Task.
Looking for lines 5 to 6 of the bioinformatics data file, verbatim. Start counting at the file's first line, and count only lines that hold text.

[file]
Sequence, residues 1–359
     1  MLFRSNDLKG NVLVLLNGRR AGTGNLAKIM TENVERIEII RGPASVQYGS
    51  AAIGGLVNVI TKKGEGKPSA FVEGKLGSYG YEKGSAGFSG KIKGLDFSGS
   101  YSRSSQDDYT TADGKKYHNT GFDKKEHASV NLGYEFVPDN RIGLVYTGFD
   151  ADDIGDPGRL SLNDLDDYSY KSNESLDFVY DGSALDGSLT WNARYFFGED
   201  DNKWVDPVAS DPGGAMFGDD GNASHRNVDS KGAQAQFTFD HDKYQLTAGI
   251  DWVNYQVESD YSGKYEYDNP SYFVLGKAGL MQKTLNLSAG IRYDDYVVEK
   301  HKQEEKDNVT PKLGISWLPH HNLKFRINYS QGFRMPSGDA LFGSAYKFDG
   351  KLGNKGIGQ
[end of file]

   151  ADDIGDPGRL SLNDLDDYSY KSNESLDFVY DGSALDGSLT WNARYFFGED
   201  DNKWVDPVAS DPGGAMFGDD GNASHRNVDS KGAQAQFTFD HDKYQLTAGI